Testing: How Much Is Too Much?
Dissatisfaction with standardized testing is growing
- The backlash against standardized assessments is real. Some states, like Georgia, are considering alternatives to standardized testing.
- One county in Florida has taken the initiative to scale back their standardized testing in an effort to achieve less testing, more teaching.
- According to a study conducted by the Council of Great City Schools (CGCS), the average student completes 112 mandatory standardized assessments between grades Pre-K to 12.
The backlash against standardized testing has been growing in recent years. Parents, students and educators alike are growing frustrated with the amount of testing students must endure in their K-12 academic careers, which some claim averages out to a significant 20-25 hours per year of testing.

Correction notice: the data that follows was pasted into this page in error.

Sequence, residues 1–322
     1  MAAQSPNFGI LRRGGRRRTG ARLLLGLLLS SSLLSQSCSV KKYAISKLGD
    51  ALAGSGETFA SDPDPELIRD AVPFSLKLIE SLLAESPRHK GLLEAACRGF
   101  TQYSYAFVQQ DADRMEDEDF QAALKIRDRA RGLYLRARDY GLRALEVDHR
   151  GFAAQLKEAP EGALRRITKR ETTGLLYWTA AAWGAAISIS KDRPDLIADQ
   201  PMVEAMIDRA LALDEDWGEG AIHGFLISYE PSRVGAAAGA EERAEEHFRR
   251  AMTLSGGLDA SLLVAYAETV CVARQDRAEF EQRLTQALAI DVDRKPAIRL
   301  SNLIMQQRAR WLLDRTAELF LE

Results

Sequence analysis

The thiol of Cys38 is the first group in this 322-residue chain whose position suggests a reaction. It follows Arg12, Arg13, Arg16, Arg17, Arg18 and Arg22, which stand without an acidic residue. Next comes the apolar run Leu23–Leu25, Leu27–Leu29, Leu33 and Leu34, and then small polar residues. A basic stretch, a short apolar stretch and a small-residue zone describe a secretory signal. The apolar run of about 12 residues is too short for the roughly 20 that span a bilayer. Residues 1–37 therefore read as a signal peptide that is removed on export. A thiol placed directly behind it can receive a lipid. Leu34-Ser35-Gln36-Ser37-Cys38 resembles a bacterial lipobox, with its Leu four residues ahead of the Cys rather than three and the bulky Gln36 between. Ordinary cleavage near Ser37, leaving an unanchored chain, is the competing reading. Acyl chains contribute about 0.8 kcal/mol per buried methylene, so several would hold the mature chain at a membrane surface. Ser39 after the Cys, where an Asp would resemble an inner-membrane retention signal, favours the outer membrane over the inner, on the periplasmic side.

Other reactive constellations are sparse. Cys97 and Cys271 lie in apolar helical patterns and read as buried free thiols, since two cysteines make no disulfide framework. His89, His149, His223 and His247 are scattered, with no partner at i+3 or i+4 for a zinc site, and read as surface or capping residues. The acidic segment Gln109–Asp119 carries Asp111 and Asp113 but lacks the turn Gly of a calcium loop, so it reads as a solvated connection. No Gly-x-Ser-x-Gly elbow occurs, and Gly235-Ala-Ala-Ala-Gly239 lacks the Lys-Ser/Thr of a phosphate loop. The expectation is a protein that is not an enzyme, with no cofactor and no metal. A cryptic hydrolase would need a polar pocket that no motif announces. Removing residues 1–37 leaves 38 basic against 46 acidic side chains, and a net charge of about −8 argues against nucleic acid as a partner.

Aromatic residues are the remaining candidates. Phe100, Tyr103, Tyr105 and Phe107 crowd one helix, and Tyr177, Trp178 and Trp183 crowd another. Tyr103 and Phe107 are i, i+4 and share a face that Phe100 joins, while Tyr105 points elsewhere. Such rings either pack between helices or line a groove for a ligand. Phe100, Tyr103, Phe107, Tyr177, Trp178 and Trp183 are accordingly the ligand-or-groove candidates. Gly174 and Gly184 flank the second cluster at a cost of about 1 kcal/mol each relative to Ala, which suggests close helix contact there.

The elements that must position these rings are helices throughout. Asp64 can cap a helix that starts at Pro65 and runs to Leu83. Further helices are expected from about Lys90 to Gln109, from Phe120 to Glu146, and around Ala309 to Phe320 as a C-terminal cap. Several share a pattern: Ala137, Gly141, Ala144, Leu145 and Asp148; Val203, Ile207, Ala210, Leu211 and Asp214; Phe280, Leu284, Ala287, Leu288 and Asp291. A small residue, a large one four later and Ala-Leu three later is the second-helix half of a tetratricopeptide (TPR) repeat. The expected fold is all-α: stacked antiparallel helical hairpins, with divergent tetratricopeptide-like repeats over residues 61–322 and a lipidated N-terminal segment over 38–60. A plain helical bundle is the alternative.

This onslaught of assessment leads to a practice known throughout education as “teaching to the test.” Educators have to abandon the art of teaching, sometimes for a month or more, in order to prepare their students for assessments. As lawmakers raise the stakes on test results, in some cases tying teacher pay to how well their students perform, we see an increase in teaching to the test and in outright fraud.
Moving forward, the education industry faces challenges to strike a balance between helping students become rounded critical thinkers and having some kind of accountability system in place to measure results. One thing more and more people agree upon is that the current system needs fixing.